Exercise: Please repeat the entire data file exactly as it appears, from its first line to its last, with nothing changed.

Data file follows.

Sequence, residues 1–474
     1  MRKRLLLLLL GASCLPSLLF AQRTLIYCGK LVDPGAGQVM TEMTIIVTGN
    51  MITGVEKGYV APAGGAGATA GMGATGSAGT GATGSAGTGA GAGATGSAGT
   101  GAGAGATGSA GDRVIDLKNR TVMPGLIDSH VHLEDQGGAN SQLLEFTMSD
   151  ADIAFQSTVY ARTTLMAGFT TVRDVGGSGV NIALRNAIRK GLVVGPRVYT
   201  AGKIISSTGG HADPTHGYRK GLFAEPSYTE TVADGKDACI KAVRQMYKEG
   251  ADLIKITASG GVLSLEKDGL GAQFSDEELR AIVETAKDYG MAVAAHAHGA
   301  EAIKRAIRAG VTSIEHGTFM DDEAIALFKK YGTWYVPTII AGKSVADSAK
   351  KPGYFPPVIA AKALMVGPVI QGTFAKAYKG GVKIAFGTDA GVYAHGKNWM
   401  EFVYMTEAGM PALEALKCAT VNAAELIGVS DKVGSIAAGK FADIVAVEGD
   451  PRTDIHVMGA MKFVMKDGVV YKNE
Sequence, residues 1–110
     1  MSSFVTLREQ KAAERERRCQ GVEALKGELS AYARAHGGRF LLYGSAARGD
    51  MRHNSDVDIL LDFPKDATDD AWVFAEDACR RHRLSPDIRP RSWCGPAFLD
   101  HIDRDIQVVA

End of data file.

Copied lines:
Sequence, residues 1–474
     1  MRKRLLLLLL GASCLPSLLF AQRTLIYCGK LVDPGAGQVM TEMTIIVTGN
    51  MITGVEKGYV APAGGAGATA GMGATGSAGT GATGSAGTGA GAGATGSAGT
   101  GAGAGATGSA GDRVIDLKNR TVMPGLIDSH VHLEDQGGAN SQLLEFTMSD
   151  ADIAFQSTVY ARTTLMAGFT TVRDVGGSGV NIALRNAIRK GLVVGPRVYT
   201  AGKIISSTGG HADPTHGYRK GLFAEPSYTE TVADGKDACI KAVRQMYKEG
   251  ADLIKITASG GVLSLEKDGL GAQFSDEELR AIVETAKDYG MAVAAHAHGA
   301  EAIKRAIRAG VTSIEHGTFM DDEAIALFKK YGTWYVPTII AGKSVADSAK
   351  KPGYFPPVIA AKALMVGPVI QGTFAKAYKG GVKIAFGTDA GVYAHGKNWM
   401  EFVYMTEAGM PALEALKCAT VNAAELIGVS DKVGSIAAGK FADIVAVEGD
   451  PRTDIHVMGA MKFVMKDGVV YKNE
Sequence, residues 1–110
     1  MSSFVTLREQ KAAERERRCQ GVEALKGELS AYARAHGGRF LLYGSAARGD
    51  MRHNSDVDIL LDFPKDATDD AWVFAEDACR RHRLSPDIRP RSWCGPAFLD
   101  HIDRDIQVVA